Cinder is the first novel of the Lunar Chronicles by Marissa Meyer and is a futuristic retelling of the Cinderella story. What really intrigued me the most to pick up this book was the cover; how do you ignore a new black cover with a single red stiletto heel and the hint of a mechanical leg? You just really don’t.
Cinder tells the story of Linh Cinder, a cyborg mechanic living in New Beijing over a hundred years after World War IV. As a cyborg, she is a second class citizen despite her impressive skill at mechanics. One day the Crown Prince Kaito wanders into her market booth (in disguise of course) to ask Cinder to repair his personal android that seems to have stopped working. Cinder agrees to the work and promises to have the repairs done before the peace festival ball in a couple of weeks.
As one might imagine being an incarnation of the character Cinderella, Cinder is not treated well by her adoptive mother, Adri, nor by one of her adoptive sisters, Pearl. Her other adoptive sister, Peony, loves her nearly unconditional and is Cinder’s one singular human friend (her other friend is an android named Iko). Tragedy strikes with Peony contracts letumosis, the deadly plague that is spread across the planet. Blaming Cinder for Peony’s disease even though it was clearly not her doing, Adri volunteers Cinder for the cyborg draft where cyborgs are called in to be guinea pigs as the royal scientists try to find a cure.
At the palace, Cinder meets Dr. Erland, a kind scientists who discovers that Cinder is immune to letumosis – among other things. Soon, Cinder learns that she is not only immune but a Lunar, a being originally from Luna (the moon) and who possess the ability to alter another person’s bioelectricity, allowing them to think or believe whatever the Lunar want.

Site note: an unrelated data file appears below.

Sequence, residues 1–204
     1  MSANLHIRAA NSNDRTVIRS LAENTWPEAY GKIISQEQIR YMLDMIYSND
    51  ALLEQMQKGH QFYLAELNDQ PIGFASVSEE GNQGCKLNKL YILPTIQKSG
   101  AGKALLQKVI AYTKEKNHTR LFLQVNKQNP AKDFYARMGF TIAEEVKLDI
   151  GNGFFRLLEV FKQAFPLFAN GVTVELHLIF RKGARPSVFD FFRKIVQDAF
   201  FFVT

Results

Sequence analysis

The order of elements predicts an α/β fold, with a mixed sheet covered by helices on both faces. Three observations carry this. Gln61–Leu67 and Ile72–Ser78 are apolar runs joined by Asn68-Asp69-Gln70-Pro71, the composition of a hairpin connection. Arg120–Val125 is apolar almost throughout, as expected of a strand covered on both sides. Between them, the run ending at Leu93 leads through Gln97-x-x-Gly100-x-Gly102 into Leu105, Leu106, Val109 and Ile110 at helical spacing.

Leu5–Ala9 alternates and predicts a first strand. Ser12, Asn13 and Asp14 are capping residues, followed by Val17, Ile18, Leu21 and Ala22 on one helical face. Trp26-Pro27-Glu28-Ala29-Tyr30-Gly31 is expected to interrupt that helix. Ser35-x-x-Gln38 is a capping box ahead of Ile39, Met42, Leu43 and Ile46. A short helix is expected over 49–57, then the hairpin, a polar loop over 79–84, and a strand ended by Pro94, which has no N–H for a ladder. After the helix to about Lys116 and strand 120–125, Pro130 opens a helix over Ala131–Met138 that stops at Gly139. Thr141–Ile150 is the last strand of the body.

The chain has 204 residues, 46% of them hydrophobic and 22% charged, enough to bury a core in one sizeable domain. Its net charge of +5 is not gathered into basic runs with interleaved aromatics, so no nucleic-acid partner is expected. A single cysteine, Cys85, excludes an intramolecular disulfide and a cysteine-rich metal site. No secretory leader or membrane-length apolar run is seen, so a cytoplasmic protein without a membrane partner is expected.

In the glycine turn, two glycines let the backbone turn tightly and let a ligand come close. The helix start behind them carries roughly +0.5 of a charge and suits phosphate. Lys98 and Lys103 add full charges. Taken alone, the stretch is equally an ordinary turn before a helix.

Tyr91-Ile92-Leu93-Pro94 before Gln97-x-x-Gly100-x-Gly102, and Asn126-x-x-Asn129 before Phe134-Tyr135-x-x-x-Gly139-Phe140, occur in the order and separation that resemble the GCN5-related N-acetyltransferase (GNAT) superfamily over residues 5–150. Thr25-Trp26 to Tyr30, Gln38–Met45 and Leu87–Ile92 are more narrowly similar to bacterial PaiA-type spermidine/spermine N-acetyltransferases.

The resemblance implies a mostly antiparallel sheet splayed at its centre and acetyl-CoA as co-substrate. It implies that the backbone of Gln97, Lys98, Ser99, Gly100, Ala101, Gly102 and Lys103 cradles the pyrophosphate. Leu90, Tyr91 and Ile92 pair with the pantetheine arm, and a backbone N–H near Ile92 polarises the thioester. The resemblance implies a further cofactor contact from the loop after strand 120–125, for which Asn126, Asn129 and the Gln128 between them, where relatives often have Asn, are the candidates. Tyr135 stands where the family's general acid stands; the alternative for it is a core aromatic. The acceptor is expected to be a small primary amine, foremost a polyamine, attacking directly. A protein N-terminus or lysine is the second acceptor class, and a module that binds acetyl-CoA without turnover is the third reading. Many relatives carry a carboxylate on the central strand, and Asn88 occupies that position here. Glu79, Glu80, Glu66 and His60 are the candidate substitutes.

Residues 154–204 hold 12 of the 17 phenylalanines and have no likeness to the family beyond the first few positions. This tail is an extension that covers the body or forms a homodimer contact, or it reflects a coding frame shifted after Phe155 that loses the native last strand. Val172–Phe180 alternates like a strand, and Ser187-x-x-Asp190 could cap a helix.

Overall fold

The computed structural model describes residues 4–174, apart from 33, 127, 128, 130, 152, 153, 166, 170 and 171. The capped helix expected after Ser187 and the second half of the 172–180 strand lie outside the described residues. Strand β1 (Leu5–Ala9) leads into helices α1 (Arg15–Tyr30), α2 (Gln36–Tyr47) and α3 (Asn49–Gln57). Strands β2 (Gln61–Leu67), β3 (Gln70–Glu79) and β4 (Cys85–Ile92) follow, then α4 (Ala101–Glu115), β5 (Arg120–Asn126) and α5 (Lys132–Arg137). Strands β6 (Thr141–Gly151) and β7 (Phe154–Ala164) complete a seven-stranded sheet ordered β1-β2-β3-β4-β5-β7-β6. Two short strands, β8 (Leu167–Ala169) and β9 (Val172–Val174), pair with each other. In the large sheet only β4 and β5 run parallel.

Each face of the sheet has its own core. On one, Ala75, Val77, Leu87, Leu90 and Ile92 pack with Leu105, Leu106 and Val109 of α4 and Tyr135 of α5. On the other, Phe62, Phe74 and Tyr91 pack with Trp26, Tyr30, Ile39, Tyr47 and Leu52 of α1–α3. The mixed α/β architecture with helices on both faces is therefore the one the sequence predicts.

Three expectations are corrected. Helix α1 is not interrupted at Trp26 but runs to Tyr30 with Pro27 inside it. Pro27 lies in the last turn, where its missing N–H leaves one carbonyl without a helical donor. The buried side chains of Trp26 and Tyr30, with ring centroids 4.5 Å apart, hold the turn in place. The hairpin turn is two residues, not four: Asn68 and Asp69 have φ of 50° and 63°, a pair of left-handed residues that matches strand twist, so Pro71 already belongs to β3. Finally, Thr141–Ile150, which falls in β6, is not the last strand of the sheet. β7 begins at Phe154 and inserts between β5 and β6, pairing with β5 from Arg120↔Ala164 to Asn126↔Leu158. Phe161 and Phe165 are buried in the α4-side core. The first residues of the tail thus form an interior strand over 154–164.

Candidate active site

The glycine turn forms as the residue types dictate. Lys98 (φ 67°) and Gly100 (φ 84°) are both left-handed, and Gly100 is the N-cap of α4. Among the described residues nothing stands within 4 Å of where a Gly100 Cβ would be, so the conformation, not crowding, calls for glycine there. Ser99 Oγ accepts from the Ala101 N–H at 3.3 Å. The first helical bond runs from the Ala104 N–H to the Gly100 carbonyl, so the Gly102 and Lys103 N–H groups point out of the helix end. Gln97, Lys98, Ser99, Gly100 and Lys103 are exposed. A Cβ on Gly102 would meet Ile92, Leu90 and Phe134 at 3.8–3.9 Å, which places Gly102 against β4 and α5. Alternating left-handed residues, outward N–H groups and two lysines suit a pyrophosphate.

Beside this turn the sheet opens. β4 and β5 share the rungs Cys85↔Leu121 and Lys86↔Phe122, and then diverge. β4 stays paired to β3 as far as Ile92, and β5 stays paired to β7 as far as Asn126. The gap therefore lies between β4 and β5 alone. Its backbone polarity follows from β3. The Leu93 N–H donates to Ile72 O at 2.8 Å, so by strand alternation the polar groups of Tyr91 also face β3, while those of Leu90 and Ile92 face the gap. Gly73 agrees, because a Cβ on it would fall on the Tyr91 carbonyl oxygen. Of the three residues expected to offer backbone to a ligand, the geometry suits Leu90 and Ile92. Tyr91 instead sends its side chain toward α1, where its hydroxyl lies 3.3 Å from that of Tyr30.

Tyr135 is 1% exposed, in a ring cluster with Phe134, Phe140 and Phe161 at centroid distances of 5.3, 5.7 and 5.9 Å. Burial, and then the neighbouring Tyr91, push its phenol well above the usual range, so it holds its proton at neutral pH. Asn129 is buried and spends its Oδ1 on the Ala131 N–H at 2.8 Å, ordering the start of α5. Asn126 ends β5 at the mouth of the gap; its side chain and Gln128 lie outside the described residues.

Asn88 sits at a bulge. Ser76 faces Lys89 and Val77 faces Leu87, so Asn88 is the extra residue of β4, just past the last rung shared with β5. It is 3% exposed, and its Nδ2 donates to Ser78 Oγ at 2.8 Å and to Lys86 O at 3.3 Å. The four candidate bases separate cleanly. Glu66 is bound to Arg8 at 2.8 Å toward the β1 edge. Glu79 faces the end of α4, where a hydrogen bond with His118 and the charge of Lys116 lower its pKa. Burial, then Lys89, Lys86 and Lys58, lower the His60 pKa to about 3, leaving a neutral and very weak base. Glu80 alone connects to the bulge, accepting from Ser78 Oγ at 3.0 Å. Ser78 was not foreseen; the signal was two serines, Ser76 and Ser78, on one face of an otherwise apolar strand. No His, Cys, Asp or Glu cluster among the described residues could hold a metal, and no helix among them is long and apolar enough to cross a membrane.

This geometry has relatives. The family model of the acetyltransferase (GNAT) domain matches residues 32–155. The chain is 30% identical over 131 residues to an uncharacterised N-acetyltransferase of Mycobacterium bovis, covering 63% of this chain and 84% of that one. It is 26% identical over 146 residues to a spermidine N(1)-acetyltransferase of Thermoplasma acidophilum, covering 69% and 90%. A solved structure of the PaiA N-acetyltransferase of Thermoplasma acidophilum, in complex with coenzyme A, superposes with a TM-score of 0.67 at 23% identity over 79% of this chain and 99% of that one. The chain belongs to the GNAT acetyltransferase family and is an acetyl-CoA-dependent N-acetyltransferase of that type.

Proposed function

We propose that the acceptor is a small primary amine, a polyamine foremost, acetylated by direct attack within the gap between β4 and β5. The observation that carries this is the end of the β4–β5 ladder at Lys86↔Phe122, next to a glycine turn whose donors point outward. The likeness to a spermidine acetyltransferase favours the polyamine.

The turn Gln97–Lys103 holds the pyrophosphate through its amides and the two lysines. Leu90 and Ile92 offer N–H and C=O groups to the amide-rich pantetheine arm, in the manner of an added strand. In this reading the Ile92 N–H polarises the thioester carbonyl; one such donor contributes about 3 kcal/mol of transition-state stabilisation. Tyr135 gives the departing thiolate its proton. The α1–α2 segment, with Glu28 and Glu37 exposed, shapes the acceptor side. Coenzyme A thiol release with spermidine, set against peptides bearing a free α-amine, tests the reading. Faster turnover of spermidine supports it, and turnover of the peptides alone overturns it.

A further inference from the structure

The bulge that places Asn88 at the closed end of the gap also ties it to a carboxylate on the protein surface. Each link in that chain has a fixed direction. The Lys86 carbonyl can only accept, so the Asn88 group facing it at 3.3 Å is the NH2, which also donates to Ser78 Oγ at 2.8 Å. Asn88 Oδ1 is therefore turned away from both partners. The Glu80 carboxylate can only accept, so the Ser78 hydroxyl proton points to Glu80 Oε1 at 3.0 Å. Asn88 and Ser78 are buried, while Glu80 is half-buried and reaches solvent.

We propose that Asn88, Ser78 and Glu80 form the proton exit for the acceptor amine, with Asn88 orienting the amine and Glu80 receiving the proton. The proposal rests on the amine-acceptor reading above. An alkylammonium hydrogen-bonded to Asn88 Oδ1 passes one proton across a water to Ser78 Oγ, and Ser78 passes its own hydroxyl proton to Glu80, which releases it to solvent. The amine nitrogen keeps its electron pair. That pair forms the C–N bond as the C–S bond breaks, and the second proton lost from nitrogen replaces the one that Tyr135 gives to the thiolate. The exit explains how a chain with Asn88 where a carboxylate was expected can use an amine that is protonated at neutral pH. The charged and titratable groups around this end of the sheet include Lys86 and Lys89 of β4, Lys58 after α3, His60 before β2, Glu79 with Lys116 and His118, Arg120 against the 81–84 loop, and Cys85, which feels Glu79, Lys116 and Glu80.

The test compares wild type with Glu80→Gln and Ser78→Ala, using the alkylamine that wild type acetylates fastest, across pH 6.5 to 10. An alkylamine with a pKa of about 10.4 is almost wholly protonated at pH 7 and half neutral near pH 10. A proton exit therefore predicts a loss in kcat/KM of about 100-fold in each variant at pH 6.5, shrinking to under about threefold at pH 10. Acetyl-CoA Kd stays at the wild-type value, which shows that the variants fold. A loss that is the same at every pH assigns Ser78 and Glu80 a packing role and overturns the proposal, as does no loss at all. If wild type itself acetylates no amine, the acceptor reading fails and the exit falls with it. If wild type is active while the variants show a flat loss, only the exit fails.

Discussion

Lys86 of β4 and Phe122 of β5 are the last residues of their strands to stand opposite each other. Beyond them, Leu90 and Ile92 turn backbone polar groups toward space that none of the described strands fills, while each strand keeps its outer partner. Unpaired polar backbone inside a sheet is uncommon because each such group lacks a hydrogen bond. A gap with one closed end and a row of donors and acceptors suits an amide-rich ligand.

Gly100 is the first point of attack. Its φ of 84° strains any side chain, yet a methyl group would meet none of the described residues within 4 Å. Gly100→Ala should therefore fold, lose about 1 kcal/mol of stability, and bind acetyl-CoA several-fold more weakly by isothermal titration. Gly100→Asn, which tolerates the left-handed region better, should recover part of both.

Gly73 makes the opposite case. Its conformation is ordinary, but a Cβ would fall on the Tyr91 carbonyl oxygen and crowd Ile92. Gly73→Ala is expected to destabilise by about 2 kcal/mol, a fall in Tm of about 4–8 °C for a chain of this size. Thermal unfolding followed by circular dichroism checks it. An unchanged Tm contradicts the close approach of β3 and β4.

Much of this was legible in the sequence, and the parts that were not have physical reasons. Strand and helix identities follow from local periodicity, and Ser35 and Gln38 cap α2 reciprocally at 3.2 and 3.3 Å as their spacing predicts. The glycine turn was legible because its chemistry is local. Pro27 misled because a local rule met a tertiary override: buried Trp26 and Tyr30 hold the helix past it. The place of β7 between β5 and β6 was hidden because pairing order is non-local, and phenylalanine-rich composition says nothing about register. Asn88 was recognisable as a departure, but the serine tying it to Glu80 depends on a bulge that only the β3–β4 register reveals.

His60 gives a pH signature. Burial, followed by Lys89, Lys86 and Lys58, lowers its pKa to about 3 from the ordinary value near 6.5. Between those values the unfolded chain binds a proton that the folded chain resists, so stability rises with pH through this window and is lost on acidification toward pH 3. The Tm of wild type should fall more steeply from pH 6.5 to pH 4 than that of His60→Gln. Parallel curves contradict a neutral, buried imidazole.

Another tragedy strikes when Emperor Rican, Kai’s father, dies due to letumosis, prompting Kai’s coronation. This also means that he must now deal with Queen Levana, the Lunar queen who wishes to marry Kai and ultimately rule the earth. The only thing that can stop Queen Levana is Princess Selena, her niece thought to have died in a fire at infancy…or has she?
While brilliant in its concept and creation, I find Cinder to be a bit lacking in details. I am finding that this seems to be trend with first novels in a series with such important details revealing themselves later on. I realize these details are kept for later stories where their revelation is much more vital and necessary. But – and this is just my personal feelings – it makes for a somewhat lackluster first novel. I would have liked more insight into Kai’s feelings at the end of the novel; the story switches between Cinder and Kai’s perspectives, but at the end after certain events have occurred we have no notion as to how Kai is affected. Again, this will likely be revealed later but it was something I would have liked to have seen with the details so fresh.
The story has intrigued me enough to continue, especially with the introduction of the Lunar hacker Cinder has contact with towards the end of the story. (If you’ve read the series, yes I did figure out who she is, but this is a spoiler free blog.) I am interested in how everything resolves itself so I will be picking up this series again once I’ve finished my long list of TBR books for the Bookmarks Festival and YALL Fest.
My rating: 3.5/5